How to Grow Lettuce and Salad Greens
By: Julie Day
Lettuce is an easy to grow cool-weather crop.
Lettuce and salad greens are favorites in the spring and fall garden. They’re easy to grow and work exceptionally well in raised beds, cold frames, and containers. And with a little planning, you can keep the harvest going throughout much of the year.
Here’s what you need to know about growing lettuce in your garden.
The many varieties of lettuce are usually divided into four categories:
- Leaf Lettuce: From red to green leaf and many varieties in between, leaf lettuce is the most popular and easiest to grow of all lettuces. It forms a loose bunch of leaves growing out of a central stalk, and it can be repeat harvested. It’s the most heat-tolerant type and is easily grown from seed.
- Cos (Romaine) Lettuce: This type has the texture similar to leaf lettuce but grows upright on a firmer stalk that can be harvested as a head.
- Head (Crisphead) Lettuce: Like the familiar iceberg you see in the supermarket, head lettuce requires a long season of cool weather and is usually grown in northern climates. In warmer areas, the season usually isn’t long enough to grow it from seed. Head lettuce is the most challenging type of lettuce to grow, with only one head produced per plant.
- Butterhead Lettuce: Buttercrunch and Bibb lettuce are the most popular varieties of butterhead lettuce. The tender, sweet leaves grow in an open, loose-head shape.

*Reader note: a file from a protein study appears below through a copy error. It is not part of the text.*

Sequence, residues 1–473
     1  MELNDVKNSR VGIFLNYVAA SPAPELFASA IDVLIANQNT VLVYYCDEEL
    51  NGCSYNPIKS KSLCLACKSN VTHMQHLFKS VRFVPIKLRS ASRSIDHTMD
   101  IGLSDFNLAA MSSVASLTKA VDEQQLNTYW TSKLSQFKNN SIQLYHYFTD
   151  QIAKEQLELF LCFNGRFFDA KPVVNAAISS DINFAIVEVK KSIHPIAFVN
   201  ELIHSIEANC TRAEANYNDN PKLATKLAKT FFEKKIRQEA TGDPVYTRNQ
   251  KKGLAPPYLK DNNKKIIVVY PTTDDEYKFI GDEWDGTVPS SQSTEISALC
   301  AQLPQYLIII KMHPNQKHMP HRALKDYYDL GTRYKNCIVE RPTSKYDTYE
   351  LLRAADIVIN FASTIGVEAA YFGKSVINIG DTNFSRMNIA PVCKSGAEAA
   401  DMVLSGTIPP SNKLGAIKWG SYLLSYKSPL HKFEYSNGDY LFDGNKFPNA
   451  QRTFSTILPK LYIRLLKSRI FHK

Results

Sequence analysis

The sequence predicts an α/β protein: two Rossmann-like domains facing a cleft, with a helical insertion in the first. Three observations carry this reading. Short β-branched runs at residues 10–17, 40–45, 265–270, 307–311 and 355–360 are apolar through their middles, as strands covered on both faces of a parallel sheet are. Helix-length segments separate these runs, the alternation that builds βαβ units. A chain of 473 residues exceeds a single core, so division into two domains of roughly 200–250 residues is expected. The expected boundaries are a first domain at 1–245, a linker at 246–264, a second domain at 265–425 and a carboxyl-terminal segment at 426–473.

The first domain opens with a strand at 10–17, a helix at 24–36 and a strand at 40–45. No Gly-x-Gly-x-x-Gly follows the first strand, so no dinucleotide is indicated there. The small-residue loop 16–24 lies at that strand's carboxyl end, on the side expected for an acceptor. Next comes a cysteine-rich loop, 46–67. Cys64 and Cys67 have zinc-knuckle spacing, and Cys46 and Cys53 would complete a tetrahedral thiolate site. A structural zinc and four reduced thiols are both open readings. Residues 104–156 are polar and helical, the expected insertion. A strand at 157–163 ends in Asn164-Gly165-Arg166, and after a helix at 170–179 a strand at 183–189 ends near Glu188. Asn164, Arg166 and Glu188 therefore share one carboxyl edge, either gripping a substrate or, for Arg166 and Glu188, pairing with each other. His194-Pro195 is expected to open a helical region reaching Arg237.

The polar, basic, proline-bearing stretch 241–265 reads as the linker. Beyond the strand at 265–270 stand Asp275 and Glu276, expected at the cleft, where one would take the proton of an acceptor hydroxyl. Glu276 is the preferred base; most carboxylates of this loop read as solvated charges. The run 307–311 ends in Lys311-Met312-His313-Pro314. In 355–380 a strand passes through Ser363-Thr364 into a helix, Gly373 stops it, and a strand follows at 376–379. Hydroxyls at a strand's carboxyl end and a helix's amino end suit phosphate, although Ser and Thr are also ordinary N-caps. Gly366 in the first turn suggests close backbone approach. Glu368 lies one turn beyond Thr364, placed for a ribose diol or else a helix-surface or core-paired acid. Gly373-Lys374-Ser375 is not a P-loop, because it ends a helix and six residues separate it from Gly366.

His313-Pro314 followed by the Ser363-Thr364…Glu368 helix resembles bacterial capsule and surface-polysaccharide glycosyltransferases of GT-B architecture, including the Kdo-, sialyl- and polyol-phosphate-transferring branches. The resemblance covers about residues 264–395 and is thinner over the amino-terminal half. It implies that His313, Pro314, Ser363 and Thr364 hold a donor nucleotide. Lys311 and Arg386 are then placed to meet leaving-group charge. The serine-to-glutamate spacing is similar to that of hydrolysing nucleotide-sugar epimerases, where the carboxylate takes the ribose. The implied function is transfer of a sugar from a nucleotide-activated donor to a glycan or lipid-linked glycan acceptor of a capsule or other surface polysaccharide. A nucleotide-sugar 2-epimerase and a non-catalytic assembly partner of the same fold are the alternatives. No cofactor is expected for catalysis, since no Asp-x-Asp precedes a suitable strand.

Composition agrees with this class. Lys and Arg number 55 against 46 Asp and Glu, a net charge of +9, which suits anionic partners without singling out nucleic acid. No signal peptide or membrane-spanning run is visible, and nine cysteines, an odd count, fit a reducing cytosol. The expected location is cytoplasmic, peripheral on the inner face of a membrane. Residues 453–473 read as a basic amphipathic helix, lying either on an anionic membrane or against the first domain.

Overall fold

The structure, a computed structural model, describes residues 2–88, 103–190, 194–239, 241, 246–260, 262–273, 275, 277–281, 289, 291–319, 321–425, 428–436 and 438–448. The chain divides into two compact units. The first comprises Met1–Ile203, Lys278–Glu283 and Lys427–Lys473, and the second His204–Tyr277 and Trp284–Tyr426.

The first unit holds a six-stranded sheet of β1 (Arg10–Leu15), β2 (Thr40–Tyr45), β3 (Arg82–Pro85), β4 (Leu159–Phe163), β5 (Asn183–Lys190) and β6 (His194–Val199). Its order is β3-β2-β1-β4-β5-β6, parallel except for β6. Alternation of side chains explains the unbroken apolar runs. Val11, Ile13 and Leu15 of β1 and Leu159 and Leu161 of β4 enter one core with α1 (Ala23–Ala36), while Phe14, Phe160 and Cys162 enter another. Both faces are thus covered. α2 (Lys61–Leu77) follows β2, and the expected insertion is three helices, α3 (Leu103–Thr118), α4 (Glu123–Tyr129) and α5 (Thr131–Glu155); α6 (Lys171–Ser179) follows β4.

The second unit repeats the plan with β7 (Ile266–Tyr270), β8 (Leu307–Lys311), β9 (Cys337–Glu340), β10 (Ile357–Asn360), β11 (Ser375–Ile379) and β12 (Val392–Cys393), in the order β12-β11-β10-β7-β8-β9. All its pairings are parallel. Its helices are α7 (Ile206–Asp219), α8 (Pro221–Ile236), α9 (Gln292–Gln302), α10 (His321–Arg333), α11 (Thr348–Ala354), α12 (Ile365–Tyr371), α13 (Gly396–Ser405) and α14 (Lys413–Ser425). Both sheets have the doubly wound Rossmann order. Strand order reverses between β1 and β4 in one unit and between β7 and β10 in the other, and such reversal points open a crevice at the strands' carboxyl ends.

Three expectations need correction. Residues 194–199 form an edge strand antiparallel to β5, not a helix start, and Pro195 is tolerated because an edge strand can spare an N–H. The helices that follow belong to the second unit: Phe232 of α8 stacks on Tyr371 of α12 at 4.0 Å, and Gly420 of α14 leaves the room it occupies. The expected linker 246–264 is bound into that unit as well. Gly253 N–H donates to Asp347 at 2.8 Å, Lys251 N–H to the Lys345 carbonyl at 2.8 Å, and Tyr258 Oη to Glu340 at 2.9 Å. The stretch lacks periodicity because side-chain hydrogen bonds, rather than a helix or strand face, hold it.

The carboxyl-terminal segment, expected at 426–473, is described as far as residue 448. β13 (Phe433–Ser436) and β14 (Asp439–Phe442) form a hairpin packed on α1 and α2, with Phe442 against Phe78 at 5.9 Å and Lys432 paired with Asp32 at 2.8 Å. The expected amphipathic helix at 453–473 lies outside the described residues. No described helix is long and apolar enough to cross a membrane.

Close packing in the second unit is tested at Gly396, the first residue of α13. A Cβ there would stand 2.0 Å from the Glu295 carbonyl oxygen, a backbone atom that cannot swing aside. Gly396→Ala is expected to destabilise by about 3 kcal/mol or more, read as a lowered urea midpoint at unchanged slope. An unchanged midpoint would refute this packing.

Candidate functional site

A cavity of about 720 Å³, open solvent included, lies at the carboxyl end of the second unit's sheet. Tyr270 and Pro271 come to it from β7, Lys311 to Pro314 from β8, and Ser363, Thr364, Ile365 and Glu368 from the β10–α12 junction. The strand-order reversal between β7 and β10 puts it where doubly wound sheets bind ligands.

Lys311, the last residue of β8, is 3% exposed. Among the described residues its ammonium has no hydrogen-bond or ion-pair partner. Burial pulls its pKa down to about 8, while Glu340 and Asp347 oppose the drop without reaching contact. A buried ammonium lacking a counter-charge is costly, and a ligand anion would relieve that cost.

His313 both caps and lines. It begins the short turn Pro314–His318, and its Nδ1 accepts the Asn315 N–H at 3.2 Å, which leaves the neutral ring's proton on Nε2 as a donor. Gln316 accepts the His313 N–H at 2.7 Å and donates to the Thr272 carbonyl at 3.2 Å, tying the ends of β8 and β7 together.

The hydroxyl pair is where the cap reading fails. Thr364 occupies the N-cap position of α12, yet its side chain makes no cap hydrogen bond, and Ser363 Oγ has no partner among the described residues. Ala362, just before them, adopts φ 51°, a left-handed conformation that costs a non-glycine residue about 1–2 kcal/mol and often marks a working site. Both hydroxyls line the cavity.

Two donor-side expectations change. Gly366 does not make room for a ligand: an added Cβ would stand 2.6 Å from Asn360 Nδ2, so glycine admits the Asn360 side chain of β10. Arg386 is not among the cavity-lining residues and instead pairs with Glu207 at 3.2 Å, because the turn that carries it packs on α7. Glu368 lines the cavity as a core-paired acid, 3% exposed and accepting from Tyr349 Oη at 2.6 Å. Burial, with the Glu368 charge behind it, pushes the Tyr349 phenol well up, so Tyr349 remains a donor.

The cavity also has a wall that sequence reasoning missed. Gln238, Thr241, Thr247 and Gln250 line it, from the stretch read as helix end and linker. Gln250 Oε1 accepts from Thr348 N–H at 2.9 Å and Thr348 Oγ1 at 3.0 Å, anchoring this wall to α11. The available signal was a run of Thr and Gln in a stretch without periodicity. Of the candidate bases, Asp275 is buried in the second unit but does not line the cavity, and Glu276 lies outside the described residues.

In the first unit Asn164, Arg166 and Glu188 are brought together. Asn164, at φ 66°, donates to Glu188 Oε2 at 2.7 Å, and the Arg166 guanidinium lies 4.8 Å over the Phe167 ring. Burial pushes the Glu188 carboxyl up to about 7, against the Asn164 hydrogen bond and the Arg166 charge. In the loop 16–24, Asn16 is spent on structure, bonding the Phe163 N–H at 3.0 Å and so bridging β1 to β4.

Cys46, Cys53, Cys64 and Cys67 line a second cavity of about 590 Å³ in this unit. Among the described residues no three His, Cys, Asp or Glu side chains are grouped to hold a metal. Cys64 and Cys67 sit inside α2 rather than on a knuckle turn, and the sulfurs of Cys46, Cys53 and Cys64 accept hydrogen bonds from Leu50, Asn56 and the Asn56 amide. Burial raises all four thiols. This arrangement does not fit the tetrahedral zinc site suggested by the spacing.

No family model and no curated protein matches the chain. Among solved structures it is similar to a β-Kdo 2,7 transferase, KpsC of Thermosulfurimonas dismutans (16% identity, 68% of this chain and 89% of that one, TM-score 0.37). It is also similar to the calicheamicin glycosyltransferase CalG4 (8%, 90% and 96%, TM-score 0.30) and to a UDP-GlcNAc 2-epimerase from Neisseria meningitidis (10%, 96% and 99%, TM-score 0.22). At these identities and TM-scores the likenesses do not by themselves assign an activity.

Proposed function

Lettuce Growing Conditions
- Climate: Lettuce is a cool-season vegetable that thrives when daytime temperatures are in the 60s to 70s and can tolerate a very light frost. It can be grown in spring and fall, and even over the winter in a greenhouse. The midsummer heat spells trouble for lettuce – causing it to go to seed (bolting) and loose flavor.
- Light: Lettuce requires five hours of sunshine a day. Because it doesn’t like the heat, lettuce does well with an eastern exposure with some afternoon shade.
- Soil: Lettuce prefers a light, rich soil with plenty of organic matter to hold moisture, and a pH around 6.5. Lettuce only needs 6” – 8” of soil, so it’s great for containers and raised beds.
- Water: Water content is the secret to producing tender, crisp leaves. Lettuce must be kept evenly watered or it will become tough.
- Maturity: If grown from seed, leaf lettuce can be harvested in about two months while head types take three months.
Lettuce getting a head start in a cold frame.
Lettuce Planting Tips
- Direct Seeding: Lettuce is most popularly grown from seed directly in the garden.
- Timing: Plant lettuce seeds or transplants about 2-4 weeks before your last frost date in spring, or about 6-8 weeks before your first frost date in the fall. Continue planting every two weeks, but take a break at least a month before hot summer weather arrives in your area.
- Planting: Plant lettuce seeds 1/4”-1/2” deep. Once they sprout, thin your plants so that they aren’t crowded. Leaf lettuces should be 4” apart, Cos and Butterhead about 8” apart, and Head lettuce about 12” apart. Use the thinnings in a baby green salad!